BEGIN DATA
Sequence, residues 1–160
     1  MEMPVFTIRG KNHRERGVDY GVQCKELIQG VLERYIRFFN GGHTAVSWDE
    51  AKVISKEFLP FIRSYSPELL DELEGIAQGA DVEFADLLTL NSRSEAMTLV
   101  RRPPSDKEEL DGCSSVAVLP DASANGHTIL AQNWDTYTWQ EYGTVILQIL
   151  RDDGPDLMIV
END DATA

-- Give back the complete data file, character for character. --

Sequence, residues 1–160
     1  MEMPVFTIRG KNHRERGVDY GVQCKELIQG VLERYIRFFN GGHTAVSWDE
    51  AKVISKEFLP FIRSYSPELL DELEGIAQGA DVEFADLLTL NSRSEAMTLV
   101  RRPPSDKEEL DGCSSVAVLP DASANGHTIL AQNWDTYTWQ EYGTVILQIL
   151  RDDGPDLMIV